I recently delivered a 11 day (spread over 6 months) Management and Leadership Programme to newly appointed Contact Centre first line managers. The final day was presentations to senior management as to what they were doing differently as a result of the learning. I had requested that I be able to include some ROI measurement in their presentations, and this was agreed. Not all were able to show any, but some showed a potential first year ROI of up to 1000%, although that was a one-off and the average was around 300%. This was demonstrated through reduced call times for staff they were managing, reduced call transfer rate and more effective management of teams and their workloads, etc. The data used was verified by contract managers and the financial returns were ‘signed off’ by finance staff.





  7. thanks

    Hi Rus

    Many thanks on your straightforward answer. This has really helped me to position my argument.

    Thanks and much appreciated


  8. thanks

    Hi Anne. Thanks a lot for your reply. It all makes total sense, and you were just confirming what I had suspected all along ! 

    This is great info though in helping me position my argument for my assignment.

    Many thanks



  9. interesting repsonse !

    Hi Graham

    I really liked what you wrote. It has turned a lot of what I have learned so far on a theoretical basis, completely on its head ! 

    Great food for thought though – thanks a mill


  10. ROI

    Hi Paul. Thanks very much for your interesting reply. I can see the effectiveness of your ROI plan there. The only thing with me is that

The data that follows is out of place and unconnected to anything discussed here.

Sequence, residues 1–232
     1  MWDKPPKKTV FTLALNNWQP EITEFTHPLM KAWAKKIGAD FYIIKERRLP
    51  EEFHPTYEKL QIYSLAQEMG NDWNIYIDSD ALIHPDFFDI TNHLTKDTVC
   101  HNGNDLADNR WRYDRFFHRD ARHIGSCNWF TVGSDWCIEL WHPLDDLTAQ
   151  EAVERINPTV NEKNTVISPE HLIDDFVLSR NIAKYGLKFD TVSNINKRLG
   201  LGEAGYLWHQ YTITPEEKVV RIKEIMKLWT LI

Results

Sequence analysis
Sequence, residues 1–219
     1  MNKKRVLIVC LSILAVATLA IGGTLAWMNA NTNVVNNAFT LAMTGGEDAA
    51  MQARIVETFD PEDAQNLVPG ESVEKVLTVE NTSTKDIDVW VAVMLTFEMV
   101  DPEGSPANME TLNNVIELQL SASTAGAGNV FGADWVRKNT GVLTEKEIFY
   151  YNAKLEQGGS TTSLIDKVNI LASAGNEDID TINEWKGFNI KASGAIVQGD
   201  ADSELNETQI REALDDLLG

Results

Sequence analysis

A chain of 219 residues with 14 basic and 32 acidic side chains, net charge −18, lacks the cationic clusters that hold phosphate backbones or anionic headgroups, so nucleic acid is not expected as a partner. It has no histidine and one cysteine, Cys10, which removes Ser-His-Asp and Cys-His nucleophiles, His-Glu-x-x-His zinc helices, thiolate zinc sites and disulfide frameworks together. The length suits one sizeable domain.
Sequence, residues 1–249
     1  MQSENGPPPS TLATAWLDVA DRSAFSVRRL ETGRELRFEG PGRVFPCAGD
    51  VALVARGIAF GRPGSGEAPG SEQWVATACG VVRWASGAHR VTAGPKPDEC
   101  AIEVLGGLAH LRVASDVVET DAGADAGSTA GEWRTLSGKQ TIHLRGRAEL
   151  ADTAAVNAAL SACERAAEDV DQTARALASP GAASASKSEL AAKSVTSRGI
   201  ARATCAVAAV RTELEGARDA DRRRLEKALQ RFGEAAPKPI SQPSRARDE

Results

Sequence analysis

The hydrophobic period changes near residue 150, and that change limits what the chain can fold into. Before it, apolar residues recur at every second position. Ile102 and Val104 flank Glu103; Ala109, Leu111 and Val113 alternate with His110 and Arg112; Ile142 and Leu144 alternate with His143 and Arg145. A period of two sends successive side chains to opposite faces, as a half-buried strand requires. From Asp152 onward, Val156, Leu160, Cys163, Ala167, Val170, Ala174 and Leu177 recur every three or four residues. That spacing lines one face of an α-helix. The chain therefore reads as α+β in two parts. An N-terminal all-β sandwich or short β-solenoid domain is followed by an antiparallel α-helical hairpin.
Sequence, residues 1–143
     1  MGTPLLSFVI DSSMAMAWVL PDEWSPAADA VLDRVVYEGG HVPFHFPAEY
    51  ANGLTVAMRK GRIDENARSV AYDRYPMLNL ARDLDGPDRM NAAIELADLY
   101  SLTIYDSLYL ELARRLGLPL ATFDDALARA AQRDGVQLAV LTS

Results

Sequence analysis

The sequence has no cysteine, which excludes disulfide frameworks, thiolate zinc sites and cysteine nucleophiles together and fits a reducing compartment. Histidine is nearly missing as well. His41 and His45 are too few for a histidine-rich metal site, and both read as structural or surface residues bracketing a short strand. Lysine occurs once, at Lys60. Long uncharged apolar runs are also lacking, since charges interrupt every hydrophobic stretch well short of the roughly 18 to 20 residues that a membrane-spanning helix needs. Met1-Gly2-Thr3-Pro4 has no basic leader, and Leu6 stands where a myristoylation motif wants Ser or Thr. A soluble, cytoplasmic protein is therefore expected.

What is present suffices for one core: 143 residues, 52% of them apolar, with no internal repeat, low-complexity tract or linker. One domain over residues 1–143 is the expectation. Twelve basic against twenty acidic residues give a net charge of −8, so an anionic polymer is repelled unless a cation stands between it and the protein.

I am dealing with over 300 different ‘clients’. I.e. I can be called in at any given time to train a small or large group of travel agents on

    many different products/areas of learning. The logistics of this in terms of following up and agreeing evaluation with line managers

    and senior staff would be a nightmare – I think buy-in and commitment on their behalf would be the biggest barrier.

    The crux of the problem is that I deliver short sharp sessions that are very much sales/promotion based in content, aimed at increasing

    travel agents’ awareness of our products as well as motivating them to sell more.

    Anyway I really appreciate your response and will consider your comments when making my arguments ! 



No Image Available

Get the latest from TrainingZone.

Elevate your L&D expertise by subscribing to TrainingZone’s newsletter! Get curated insights, premium reports, and event updates from industry leaders.


Thank you!